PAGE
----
A young man who survives a disaster at sea is hurtled into an epic journey of adventure and discovery. While cast away, he forms an unexpected connection with another survivor: a fearsome Bengal tiger.
When his brother is killed in a robbery, paraplegic Marine Jake Sully decides to take his place in a mission on the distant world of Pandora. There he learns of greedy corporate figurehead Parker Selfridge's intentions of driving off the native humanoid "Na'vi" in order to mine for the precious material scattered throughout their rich woodland. In exchange for the spinal surgery that will fix his legs, Jake gathers intel for the cooperating military unit spearheaded by gung-ho Colonel Quaritch, while simultaneously attempting to infiltrate the Na'vi people with the use of an "avatar" identity. While Jake begins to bond with the native tribe and quickly falls in love with the beautiful alien Neytiri, the restless Colonel moves forward with his ruthless extermination tactics, forcing the soldier to take a stand - and fight back in an epic battle for the fate of Pandora.Written by
The Massie Twins
In the original ending Neytiri was going to be pregnant with Jake's child. See more »
Jake is being reborn/transferred into his permanent Na'Vi avatar body. His human body can be seen with no oxygen mask over his face. Since it takes quite sometime for Eywa to transfer souls he would have died from lack of oxygen. See more »
When I was lying in the V.A. hospital with a big hole blown through the middle of my life, I started having these dreams of flying. I was free. But sooner or later, you always have to wake up.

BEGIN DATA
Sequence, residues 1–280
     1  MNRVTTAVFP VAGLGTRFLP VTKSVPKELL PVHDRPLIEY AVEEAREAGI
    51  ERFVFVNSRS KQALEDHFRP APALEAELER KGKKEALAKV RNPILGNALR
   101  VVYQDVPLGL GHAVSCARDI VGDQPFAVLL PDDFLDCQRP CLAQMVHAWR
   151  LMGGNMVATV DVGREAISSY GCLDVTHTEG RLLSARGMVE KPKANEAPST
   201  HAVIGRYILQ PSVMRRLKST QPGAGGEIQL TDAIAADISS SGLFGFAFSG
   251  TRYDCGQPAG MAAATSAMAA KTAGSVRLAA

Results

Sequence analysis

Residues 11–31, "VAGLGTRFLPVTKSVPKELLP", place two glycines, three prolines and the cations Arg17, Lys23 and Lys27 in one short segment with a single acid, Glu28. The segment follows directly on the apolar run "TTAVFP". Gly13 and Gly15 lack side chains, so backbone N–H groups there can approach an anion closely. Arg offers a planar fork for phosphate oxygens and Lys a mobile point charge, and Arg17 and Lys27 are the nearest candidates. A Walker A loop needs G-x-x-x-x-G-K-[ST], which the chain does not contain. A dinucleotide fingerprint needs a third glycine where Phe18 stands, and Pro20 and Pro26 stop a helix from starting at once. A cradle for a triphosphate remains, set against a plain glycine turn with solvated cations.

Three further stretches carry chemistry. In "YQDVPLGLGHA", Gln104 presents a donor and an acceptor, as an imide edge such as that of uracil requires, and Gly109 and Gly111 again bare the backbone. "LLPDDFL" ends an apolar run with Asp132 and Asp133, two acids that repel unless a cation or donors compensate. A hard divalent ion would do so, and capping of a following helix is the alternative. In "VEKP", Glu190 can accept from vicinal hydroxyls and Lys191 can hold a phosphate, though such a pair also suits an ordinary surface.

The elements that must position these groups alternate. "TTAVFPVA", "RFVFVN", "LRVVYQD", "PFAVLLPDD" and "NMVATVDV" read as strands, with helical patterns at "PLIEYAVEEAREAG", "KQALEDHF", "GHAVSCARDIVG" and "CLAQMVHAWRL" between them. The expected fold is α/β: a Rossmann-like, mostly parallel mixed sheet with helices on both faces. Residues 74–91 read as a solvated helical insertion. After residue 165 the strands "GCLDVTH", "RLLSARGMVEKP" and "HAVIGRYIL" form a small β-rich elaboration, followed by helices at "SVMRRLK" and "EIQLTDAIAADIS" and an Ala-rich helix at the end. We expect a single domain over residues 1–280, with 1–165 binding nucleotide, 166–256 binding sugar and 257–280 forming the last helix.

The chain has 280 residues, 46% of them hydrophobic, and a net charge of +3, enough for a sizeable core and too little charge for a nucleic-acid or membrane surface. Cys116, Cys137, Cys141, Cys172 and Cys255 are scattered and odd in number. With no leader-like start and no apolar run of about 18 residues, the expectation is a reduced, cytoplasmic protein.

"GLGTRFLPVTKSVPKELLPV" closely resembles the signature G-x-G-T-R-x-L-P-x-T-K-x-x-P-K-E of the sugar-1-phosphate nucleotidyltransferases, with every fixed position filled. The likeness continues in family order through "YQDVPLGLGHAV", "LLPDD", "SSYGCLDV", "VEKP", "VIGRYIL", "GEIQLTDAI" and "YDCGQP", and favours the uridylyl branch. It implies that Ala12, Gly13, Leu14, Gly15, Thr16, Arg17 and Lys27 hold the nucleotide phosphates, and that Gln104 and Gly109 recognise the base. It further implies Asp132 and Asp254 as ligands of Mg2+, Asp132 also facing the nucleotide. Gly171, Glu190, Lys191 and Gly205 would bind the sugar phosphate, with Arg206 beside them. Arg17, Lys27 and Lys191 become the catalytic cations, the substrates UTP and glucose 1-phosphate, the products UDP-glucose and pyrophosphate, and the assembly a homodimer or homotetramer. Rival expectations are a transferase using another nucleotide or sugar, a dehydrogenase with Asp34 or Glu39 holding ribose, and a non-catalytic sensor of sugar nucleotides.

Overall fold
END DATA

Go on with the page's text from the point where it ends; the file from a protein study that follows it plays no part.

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The initial end credits soar over the world of Pandora. See more »
Released to commemorate the 2010 Earth Day, the 171-minute Special edition includes the following additional scenes:
The first flight across Pandora is longer, with the helicopter flying past the Stuurmbeast herd. Grace informs Norm and Jake about it.
The squad reaches the abandoned school. It reveals that Grace teaches English to the Na'vi children until a serious incident came about (bullet holes around, etc..) which was insinuated about.
Jake and Neytiri running through the neon-lit woods is slightly longer.
When Jake joins the circle, a little Na'vi girl smiles at him curiously, but her father holds her back. Neytiri then arrives and hands Jake a fruit.
Jake tries to ask Neytiri her name, but she seems annoyed by that.
Jake, Grace and Norm proceed from the helicopter to the secluded laboratory. There's an explanation about the mountains.
At night, Jake and Neytiri run through the luminescent forest.
After Jake touches the Fan Lizard, it flies away in a radiant glow. Its fellow species follow suit and, to the delight of Jake and Neytiri, raise themselves into the air.
As Jake and the other Na'vi climb the mountain, Neytiri flies past them on her banshee, Seze.
The Na'vi goes for an aerial hunt for Stuurmbeast. Jake shoots one and exclaims in excitement. Neytiri follow suit as well.
The Na'vi destroy the Hell Trucks of the mining company.
The next morning, Wainfleet's squad sifts through the remains of the Hell Trucks. Turns out that Na'vi kill the soldiers as well. Quaritch and Selfridge watch the live broadcast.
Tsu'tey's fall from the sky is longer. A few plants decelerate and break his fall.
The scene with the Hammerhead Titanotheres has been extended.
The fight between Neytiri on a Thanathor and Quaritch is slightly longer.
Tsu'Tey's death: he knows he is dying and appoints Jake to be his successor. He insists Jake to kill him because by Na'vi customs, Jake has to pass him to the Eywa by killing him by his own hands. Neytiri starts to cry. Jake reluctantly complies with his wish, stabbing him by the knife as the camera passes by him.
The end credits has an addition of using Discovery Zone's Bless the Plague soundtrack. The copyright year has been replaced with 2010.
Technically impressive and important but beyond that there is not a huge amount to talk about